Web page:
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  10. PMF

    PMF Producer

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    I'm buying mine "Toots" sweet.
     
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  11. rsmithjr

    rsmithjr Screenwriter

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    I saw this film at 3 different, high-quality venues during original release. However, my memory of the color may not be very good because I was no longer a projectionist, was in grad school, and was not very focused on technical issues of movies and presentation during that period of my life.

    So I have watched the new Criterion Blu-ray of Midnight Cowboy over the last few days trying to remember what it looked like in original release.

    My initial impression of the first few minutes was that it was fairly green. Not unbearably green in the died-in-the-wool manner that The King and I is overly blue. Certainly greener than the other home media presentations that I still own for comparison.

    After more watching, I think this new Blu-ray is probably like the original release prints. haineshisway is right about the color being accurate.

    The movie itself is just as urgent and honest as it was in original release, very compelling and beautiful. Volumes could be written about it.
     
  12. Message #12 of 58 May 30, 2018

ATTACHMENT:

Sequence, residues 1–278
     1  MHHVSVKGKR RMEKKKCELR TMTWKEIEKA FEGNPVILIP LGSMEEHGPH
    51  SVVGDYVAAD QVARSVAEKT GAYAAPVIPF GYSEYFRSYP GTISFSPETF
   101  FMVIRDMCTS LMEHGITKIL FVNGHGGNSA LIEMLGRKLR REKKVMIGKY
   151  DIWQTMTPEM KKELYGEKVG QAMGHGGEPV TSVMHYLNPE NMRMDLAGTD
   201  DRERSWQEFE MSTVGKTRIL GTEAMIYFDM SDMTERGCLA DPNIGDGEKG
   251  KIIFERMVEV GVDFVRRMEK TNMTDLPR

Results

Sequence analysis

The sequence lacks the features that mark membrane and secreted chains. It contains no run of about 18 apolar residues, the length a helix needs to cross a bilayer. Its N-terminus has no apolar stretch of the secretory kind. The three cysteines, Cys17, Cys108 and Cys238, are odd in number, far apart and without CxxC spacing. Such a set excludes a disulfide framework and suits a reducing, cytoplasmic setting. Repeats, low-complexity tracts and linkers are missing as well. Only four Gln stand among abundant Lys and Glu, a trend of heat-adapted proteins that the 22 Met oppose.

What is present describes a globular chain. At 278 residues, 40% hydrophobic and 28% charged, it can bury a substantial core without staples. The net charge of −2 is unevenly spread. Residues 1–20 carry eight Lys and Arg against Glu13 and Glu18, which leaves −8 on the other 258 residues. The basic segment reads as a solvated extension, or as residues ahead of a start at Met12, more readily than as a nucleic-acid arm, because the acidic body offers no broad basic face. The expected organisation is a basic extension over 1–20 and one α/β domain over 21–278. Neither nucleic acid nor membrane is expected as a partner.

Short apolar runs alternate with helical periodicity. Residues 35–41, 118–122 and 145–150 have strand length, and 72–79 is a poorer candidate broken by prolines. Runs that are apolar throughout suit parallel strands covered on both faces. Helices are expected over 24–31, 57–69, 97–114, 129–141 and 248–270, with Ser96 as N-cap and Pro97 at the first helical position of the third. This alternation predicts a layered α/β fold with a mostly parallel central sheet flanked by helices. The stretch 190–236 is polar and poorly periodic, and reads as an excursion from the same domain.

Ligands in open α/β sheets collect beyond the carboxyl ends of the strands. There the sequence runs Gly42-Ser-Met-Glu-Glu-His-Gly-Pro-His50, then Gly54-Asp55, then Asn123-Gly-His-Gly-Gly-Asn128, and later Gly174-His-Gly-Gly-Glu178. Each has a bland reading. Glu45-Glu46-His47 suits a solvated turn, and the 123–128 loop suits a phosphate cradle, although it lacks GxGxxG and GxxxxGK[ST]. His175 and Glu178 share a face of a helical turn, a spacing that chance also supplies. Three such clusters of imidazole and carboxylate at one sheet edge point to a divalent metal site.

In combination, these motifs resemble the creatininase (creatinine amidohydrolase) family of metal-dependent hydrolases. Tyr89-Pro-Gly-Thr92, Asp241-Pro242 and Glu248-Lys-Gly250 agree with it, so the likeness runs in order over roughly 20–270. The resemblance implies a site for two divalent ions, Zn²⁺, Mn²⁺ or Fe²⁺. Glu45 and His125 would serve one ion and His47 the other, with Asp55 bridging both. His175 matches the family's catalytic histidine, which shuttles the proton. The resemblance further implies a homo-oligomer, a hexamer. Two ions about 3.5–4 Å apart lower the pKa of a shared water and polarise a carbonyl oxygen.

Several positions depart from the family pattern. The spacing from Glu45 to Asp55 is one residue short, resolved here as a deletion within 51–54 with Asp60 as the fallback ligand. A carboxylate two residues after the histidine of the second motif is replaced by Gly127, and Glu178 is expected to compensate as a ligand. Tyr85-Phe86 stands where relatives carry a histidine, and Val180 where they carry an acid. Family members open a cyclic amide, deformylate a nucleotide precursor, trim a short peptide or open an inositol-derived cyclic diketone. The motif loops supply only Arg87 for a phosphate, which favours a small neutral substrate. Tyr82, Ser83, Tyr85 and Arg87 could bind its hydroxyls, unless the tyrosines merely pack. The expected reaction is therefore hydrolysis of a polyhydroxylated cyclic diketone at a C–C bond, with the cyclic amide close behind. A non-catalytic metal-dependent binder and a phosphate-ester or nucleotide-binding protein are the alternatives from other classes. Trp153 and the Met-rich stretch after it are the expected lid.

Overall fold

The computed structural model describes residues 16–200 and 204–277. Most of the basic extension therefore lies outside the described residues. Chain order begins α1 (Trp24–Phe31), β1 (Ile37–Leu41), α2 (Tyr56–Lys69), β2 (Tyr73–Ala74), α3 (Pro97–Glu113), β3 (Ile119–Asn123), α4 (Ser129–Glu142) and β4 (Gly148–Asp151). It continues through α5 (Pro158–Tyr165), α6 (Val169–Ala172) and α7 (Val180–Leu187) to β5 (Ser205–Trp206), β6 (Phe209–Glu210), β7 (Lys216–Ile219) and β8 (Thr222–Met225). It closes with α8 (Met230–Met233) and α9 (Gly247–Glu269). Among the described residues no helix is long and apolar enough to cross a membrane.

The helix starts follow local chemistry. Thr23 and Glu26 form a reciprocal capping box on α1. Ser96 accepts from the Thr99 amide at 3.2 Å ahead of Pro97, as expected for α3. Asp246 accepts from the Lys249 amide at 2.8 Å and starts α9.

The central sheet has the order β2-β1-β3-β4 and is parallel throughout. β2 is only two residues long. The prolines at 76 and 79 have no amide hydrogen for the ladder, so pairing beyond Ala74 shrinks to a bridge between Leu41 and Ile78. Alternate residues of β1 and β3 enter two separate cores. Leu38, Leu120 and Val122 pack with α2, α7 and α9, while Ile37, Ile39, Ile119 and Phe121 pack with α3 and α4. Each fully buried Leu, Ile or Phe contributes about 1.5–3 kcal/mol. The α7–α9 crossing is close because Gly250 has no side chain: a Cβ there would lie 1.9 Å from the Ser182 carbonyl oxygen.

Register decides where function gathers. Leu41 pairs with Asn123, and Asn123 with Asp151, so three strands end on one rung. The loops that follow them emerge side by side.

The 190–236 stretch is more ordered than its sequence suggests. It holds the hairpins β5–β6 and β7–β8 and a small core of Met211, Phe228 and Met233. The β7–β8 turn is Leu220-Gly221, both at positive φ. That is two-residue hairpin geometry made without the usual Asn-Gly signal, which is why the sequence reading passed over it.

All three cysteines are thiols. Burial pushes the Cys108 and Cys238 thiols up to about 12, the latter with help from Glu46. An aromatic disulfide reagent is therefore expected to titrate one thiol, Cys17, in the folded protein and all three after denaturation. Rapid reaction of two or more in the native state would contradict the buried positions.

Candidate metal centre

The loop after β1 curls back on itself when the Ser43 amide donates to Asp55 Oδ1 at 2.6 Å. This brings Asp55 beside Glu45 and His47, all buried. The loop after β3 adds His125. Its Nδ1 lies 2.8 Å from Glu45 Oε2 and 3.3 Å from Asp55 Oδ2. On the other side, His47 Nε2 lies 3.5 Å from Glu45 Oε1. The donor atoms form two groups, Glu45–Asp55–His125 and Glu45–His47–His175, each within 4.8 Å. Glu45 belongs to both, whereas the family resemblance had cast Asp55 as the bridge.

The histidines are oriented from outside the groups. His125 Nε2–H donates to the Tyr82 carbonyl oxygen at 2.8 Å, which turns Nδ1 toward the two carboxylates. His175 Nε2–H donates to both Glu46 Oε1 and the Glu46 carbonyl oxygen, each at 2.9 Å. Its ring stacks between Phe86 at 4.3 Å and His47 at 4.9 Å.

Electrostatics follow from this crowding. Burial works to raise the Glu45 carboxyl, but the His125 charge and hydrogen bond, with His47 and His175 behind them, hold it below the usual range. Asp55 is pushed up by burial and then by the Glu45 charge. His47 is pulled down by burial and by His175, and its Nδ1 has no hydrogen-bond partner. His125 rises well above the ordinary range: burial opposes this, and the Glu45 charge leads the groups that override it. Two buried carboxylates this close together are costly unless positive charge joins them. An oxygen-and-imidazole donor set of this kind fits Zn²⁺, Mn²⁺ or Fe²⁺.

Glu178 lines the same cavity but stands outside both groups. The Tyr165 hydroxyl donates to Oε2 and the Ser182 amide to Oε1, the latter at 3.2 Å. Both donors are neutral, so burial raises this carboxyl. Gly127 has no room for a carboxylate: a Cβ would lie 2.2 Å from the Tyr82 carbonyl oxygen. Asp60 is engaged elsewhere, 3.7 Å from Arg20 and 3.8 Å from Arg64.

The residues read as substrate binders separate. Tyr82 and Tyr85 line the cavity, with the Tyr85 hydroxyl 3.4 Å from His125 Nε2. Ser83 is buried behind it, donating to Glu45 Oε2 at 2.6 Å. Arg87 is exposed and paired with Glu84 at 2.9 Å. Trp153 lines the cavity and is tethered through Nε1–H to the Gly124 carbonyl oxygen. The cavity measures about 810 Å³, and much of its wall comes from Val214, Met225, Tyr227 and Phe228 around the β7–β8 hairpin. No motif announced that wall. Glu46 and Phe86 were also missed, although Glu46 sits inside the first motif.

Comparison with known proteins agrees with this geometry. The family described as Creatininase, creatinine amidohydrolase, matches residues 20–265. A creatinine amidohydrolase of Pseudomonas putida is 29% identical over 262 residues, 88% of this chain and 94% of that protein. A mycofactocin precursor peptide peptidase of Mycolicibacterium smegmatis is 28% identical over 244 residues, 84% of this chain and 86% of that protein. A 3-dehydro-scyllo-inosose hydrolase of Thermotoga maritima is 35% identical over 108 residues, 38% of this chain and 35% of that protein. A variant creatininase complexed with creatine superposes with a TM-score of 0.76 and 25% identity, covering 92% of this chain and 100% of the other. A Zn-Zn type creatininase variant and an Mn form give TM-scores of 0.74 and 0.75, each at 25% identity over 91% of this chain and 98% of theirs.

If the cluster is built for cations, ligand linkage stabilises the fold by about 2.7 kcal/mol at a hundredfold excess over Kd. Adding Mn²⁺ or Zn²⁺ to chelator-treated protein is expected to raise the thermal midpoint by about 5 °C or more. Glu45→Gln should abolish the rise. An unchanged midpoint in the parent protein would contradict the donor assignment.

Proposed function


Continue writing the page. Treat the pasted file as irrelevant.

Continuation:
Last edited: May 30, 2018
    Dick

    Dick Lead Actor
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    I don't think this is even a question of adding a tint (a la the silent films) because I don't think that happens, but is rather the result of someone tweaking the color balance during re-mastering process. I am not an expert in this field and can only conjecture. Regarding my comment about "teal" in THE KING AND I, I apologize if I misrepresented your comments. I have seen an HD of this with the rich colors I remember from the theatrical release and the Blu-ray ain't it by a long shot. But going back and forth about that film has its own thread(s), so no point in continuing it here. With regards to MIDNIGHT COWBOY, as I said, I look forward to getting my copy, and will watch it with a completely open mind. As rsmithjr inferred, perhaps the Criterion is the first accurate transfer after years of inaccurate ones. My recollection of the film in theaters is that it had very saturated colors and did not lean the tints in any particular direction. But lark144's post is also relevant.